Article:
It is well understood that the bacteria in the gut co-exist with their human hosts for decades. But how that complex community of trillions of microbes, which are constantly interacting with each other and their hosts, persists and evolves, is far less understood.
Researchers have investigated the evolution of bacteria in the human gut microbiome by asking how the microbes are sustained. To do so, they examined 5,278 adult and infant fecal metagenomes longitudinally sampled in individuals and families. They described how different dispersal strategies can lead to the long-term persistence of human gut microbes with implications for gut flora modulations.
This work is highlighted in the paper, “Dispersal strategies shape persistence and evolution of human gut bacteria,” which was published in Cell Host and Microbe.
“We know that certain microbes colonize us at birth, and some can live with us for decades,” said Falk Hildebrand, PhD, group leader from the Quadram Institute and Earlham Institute. “Although studies have looked at individual microbe species, the mechanisms and scale of persistence in the microbiome as a whole haven’t been explored.”
By analyzing stool samples, the team re-examined metagenomes from over 2,000 adult and infant samples, including several from the same families. They found three major dispersal strategies underlying human gut bacterial persistence. The data came from previously published studies looking at microbiome changes over time, with each individual providing on average 2–3 samples several months apart.
“By looking into time series from individuals and family members and overlaying this with geographic information, ranging from household via city to country, we identified groups of bacterial strains that show different dispersal strategies,” said Peer Bork, PhD, senior scientist and strategic head of bioinformatics, EMBL Heidelberg. “This presented very different persistence patterns in the host, regional spreading, and the geographical distributions of hundreds of bacterial species.”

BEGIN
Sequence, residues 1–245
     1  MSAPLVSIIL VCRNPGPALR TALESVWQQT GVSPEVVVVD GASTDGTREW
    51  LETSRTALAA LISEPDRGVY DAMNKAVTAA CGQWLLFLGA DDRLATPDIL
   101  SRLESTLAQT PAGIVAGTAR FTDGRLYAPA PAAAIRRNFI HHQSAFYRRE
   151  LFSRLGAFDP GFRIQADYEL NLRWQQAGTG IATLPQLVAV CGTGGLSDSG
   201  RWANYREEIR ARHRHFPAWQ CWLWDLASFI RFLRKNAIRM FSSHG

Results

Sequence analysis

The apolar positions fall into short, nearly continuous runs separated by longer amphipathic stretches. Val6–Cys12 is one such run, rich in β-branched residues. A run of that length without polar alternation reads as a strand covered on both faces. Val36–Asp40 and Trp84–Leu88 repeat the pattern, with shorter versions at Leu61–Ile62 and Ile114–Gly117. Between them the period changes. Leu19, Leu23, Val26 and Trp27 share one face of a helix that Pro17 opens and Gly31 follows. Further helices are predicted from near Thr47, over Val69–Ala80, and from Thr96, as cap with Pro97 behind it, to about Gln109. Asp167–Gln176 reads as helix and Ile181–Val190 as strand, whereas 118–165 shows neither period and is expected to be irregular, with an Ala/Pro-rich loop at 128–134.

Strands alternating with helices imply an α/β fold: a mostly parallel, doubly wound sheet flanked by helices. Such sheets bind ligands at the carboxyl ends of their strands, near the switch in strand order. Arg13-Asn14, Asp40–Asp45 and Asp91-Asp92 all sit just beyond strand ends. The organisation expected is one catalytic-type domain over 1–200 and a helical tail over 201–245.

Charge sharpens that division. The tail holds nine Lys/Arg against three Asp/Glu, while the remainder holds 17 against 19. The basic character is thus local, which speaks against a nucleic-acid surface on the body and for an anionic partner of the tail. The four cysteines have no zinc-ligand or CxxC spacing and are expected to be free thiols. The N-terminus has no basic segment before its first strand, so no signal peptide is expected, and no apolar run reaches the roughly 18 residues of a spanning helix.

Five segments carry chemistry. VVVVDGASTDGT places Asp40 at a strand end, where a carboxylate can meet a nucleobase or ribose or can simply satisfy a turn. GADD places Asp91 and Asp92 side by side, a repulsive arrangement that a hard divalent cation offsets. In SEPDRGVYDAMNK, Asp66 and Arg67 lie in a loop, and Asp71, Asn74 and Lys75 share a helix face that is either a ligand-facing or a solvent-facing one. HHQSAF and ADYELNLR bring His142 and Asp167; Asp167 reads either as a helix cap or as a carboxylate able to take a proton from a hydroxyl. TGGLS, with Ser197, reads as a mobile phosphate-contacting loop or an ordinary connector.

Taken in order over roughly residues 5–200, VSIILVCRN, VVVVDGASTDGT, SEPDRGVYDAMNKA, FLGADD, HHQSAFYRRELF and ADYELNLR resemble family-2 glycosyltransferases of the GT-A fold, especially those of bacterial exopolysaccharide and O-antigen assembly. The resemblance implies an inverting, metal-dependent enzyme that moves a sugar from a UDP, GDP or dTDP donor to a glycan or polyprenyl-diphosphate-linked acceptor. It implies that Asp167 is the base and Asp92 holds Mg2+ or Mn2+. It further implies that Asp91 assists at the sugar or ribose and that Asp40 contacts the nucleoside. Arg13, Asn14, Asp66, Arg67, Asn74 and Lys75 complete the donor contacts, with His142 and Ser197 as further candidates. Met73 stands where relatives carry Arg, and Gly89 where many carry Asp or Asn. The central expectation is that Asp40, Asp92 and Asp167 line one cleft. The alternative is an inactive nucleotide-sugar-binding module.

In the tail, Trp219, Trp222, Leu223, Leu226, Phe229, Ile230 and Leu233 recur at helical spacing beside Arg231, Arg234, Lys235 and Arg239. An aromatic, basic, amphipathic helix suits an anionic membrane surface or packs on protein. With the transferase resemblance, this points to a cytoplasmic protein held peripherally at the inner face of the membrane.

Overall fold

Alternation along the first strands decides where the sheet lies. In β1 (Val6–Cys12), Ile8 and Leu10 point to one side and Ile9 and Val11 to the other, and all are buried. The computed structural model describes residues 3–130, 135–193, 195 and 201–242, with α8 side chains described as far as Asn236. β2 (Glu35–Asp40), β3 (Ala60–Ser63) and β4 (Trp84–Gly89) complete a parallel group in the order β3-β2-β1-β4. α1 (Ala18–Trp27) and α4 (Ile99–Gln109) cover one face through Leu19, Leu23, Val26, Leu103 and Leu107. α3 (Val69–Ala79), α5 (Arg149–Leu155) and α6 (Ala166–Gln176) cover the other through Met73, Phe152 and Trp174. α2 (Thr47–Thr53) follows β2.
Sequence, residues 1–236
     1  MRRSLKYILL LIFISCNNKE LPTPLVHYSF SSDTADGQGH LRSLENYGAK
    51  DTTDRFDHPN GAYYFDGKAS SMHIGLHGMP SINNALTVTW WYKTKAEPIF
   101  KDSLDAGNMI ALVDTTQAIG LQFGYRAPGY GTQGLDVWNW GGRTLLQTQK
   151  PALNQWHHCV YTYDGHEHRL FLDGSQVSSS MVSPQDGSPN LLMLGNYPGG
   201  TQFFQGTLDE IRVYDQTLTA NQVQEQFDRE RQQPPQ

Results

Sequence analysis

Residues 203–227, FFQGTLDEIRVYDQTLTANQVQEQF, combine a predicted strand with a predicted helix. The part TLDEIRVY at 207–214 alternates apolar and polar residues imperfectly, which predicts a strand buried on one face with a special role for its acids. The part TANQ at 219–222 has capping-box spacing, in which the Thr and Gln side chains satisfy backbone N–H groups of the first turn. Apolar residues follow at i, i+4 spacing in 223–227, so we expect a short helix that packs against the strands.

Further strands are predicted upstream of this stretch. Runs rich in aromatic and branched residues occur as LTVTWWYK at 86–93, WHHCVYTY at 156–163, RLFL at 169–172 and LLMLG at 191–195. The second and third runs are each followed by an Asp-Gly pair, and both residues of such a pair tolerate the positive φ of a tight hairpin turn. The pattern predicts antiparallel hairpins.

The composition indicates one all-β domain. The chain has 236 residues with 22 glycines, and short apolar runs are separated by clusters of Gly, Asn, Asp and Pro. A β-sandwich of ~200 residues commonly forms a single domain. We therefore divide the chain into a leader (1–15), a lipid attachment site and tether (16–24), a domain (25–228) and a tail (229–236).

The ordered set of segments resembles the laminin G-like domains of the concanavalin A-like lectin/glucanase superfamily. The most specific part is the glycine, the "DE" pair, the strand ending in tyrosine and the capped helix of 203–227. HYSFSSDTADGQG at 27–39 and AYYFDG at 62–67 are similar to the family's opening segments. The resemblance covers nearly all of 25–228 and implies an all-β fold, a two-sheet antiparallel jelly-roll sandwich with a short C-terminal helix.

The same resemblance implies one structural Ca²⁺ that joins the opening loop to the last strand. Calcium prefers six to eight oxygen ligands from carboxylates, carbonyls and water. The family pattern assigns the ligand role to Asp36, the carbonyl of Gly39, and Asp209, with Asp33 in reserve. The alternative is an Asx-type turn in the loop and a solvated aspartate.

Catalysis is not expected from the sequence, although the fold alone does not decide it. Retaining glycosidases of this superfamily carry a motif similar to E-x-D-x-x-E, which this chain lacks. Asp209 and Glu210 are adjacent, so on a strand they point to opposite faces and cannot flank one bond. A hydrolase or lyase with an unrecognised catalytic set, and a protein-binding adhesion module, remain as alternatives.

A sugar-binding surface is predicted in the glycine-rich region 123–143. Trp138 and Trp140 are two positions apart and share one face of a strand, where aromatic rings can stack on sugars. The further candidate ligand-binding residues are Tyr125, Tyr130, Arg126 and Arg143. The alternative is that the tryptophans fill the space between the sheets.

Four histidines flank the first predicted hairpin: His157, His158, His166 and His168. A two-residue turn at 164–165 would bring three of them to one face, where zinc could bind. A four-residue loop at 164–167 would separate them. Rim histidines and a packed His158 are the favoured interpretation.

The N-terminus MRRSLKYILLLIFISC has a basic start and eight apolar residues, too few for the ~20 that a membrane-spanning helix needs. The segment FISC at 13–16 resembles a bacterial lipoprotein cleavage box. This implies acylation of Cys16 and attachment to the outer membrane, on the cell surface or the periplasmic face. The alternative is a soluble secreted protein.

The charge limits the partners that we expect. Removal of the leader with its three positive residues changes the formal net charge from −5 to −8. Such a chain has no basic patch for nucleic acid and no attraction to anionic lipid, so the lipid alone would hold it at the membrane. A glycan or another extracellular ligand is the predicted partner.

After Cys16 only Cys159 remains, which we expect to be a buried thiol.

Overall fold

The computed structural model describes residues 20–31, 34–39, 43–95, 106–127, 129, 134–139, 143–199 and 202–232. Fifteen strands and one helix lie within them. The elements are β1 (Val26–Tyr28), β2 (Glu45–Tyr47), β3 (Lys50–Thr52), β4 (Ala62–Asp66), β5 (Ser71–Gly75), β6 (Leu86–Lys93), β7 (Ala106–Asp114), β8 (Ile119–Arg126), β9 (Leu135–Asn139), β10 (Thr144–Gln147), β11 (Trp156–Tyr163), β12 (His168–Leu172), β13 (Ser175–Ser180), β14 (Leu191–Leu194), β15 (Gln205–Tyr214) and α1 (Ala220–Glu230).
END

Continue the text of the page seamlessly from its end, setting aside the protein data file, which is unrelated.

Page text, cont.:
The data was built into a diverse dataset of 5,278 metagenomes, which were probed to analyze patterns of persistence in the different types of bacteria and how these were influenced by the common factors: age, family members, geographic region, and antibiotic usage.
“Our analysis shows that most strains of bacteria present in the microbiome are very persistent—with the chances of a strain persisting for at least a year being over 90%,” said Hildebrand. “Some microbe species did show consistent differences being either highly persistent taxonomic groups, or being low-persistent, relying more on exchanges between family members. In babies, however, the average persistence of bacterial strains dropped to 80%. This isn’t unexpected; we know that especially in newborn babies there is an ongoing exchange of gut microbes.”
“What the study shows,” said Bork, “is that the intrinsic persistence levels of bacteria seen in adults are also reflected in children, and gradually we start to acquire those persistent bacteria up to about ten-years-old at which point the microbiome reaches a steady state. Antibiotics had different effects of different types of bacteria, with the overall effect depending on how resilient different bacteria are, their intrinsic persistence, and to what extent they were replaceable within the microbiome,” he added.
To delve deeper into what drives persistence, the researchers compared microbiome communities beyond an individual level, but also across families, countries, and regions. This allowed them to group bacteria based on their persistence characteristics and, through genomic analysis, look for clues to the evolution of these groups’ strategies in dispersing among new human hosts.
The first group, termed “tenacious” bacteria, were the most persistent and well adapted for survival in the human gut. For example, these bacteria were able to survive by switching to different nutrition sources as the host moved through infancy and into adulthood. Tenacious bacteria, however, are the ones most likely to be lost from the microbiome following antibiotic use.
Another group was termed the “heredipersistent” bacteria, which are strains that are “inherited” and cluster within families. These have a lower persistence in childhood and a higher turnover rate, suggesting cycles of reinfection is key to their persistence in an individual. Genomic analysis showed that these bacteria tend to have genes allowing them to spread by spores, which would help transmission from, say, a parent to child, but also across a family unit.
A third group, named “spatiopersistent,” appear to cluster to their own geographic areas, but are not associated with families.
With much current interest in maintaining or manipulating the microbiome for health, the research team hopes their exploration of the evolution of different persistence in gut microbes will lead to better, more well-informed clinical strategies.